Moving Towards Authoritarianism: Estimating Its Impact on Self-Censorship in Bangladesh

Speaker: Rahnuma Siddika
Role: Paper Presenter
Institution/Affiliation: University of Illinois Urbana-Champaign
Abstract: This study examines the prevalence and impact of political self-censorship in the context of democratic backsliding in Bangladesh where the current regime has been in power for over a decade. Moreover, the regime has been known to imprison opposition leaders and supporters, carry out forced disappearances and exercise intense surveillance over social media and other information channels, creating a climate of fear among citizens. In authoritarian regimes, the accuracy of public opinion surveys may be compromised due to political sensitivity bias, and measuring its impact is challenging. Citizens may withhold or falsify their opinions out of fear of judgment or punishment. Using data from the World Values Survey, the study compares nonresponse rates to politically sensitive questions before and after Bangladesh’s transition towards authoritarianism. This study also provides an improved measure of political self-censorship using the nonresponse rates in politically sensitive and non-sensitive survey items. The study finds evidence of increased self-censorship among respondents in surveys conducted after the transition. The findings suggest that researchers should be aware of the limitations of survey data in repressive contexts and the need for improved measures of political self-censorship. The study also sheds light on the nature and extent of dissent in Bangladesh under authoritarian rule, contributing to theoretical discussions of the relationship between political repression and public opinion.

‘Stability-in-Depth’: A Retrospect of the Cold War Lexicon of the New Order

Speaker: Dan McCoy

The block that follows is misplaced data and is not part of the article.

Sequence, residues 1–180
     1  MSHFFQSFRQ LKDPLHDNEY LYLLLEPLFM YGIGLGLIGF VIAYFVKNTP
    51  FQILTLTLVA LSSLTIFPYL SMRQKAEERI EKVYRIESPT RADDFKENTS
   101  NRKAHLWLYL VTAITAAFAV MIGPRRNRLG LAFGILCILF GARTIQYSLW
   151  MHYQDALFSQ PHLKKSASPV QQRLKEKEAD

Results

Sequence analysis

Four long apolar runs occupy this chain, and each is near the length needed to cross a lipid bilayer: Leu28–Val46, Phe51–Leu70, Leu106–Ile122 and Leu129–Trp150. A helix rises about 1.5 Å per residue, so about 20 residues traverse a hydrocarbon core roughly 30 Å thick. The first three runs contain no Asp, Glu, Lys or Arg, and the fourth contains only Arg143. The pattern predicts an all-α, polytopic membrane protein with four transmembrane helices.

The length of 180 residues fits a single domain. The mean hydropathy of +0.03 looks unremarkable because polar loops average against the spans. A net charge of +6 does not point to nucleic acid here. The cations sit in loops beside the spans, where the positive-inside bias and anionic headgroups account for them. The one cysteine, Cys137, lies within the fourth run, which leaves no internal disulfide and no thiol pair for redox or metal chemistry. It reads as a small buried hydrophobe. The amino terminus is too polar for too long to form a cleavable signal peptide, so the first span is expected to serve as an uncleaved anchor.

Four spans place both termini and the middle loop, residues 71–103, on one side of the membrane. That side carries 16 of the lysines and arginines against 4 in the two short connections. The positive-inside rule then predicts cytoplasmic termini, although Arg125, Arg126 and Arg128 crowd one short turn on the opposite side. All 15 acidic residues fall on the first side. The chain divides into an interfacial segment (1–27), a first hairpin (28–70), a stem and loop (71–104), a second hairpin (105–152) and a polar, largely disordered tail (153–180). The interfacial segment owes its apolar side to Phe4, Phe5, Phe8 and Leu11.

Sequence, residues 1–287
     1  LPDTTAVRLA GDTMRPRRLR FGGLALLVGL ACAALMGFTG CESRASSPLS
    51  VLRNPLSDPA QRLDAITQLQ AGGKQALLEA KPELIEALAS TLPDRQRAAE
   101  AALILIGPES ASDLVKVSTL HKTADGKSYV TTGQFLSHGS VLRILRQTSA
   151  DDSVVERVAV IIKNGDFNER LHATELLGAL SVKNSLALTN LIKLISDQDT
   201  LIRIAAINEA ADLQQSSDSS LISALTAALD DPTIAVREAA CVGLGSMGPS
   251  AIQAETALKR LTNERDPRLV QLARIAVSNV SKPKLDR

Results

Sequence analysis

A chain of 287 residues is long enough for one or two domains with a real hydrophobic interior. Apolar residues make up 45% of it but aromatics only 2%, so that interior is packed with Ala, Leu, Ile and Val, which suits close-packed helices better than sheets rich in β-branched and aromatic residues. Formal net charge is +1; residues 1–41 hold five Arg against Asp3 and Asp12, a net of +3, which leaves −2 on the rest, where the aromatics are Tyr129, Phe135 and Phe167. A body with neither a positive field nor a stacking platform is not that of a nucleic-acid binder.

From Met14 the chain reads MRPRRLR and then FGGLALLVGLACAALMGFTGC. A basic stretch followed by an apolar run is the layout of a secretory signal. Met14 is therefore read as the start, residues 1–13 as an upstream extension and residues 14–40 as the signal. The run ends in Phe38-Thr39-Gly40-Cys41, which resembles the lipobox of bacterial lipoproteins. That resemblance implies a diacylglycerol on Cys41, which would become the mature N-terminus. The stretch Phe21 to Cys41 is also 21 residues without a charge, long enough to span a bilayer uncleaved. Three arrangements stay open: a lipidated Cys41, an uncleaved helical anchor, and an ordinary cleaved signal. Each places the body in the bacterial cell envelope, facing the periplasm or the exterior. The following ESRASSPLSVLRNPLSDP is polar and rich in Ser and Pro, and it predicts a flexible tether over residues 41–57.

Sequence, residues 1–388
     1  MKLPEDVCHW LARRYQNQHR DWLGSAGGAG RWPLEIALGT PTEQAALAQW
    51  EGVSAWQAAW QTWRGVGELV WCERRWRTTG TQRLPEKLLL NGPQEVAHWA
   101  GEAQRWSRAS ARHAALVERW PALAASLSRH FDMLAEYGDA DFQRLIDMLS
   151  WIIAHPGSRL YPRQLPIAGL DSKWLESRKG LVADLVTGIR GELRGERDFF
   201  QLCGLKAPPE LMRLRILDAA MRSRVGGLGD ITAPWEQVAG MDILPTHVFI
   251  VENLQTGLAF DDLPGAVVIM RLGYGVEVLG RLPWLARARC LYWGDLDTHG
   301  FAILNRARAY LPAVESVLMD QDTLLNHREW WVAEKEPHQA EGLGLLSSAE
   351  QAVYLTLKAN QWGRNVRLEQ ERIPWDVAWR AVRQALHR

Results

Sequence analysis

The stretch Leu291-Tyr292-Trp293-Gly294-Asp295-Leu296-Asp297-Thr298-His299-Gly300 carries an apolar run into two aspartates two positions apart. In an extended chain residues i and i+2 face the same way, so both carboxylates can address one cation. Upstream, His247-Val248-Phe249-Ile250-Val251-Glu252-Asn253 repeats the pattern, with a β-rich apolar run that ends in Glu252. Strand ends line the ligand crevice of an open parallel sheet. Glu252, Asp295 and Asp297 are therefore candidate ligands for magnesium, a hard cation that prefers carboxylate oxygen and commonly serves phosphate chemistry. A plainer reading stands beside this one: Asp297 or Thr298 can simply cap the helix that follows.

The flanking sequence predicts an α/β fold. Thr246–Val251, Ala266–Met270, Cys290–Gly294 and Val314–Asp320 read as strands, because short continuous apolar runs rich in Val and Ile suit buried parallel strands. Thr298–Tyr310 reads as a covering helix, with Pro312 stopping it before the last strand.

Role: Paper Presenter
Institution/Affiliation: Northern Illinois University
Abstract: Upon its 1949 independence, amid decolonization and tensions surrounding East and West, Indonesia fervently self-defined its newly independent position in uproarious Southeast Asia. ‘Guided Democracy’ (1959-1966) under President Sukarno formulated the initial set of homegrown political, defense, and strategic concepts to steer Indonesia on the regional stage, albeit with mixed success. In turn, President Suharto’s ‘New Order’ (1966-1998) empowered the Indonesian National Armed Forces to dually oversee Indonesia’s internal affairs and national defense (dwifungsi). The ‘New Order’ further added doctrines and concepts to the national lexicon imbued with notions of kebangsaan (nationalism) to explicate, justify, and guide Indonesia’s evolving impression in Southeast Asian affairs. Suharto’s hand in consolidating the Association of Southeast Asian Nations (ASEAN) in 1967 allowed Indonesia, as a ‘first among equals,’ a regional platform to maturate its kebangsaan and exude a foreign policy of bebas-aktif (‘free and active’). How did Indonesian public intellectuals, academics, and government officials illuminate among themselves, and their ASEAN partners, these doctrines and concepts? What phraseology and rhetoric did Indonesian print media emphasize to give its readership confidence in Indonesia’s pursuit of ‘national resilience’ alongside ‘regional resilience?’ How did the ‘New Order’ envision the fruition of its concepts, doctrines, and policies through multi-track diplomacy during the Cold War when Southeast Asia experienced successive waves of Great Power competition? This presentation proposes to examine the diplomacy, defense, and regionalism terminology prevalent in the New Order’s Cold War lexicon and how the ‘New Order’ substantiated that terminology in its national, regional, diplomatic, and defense outlook.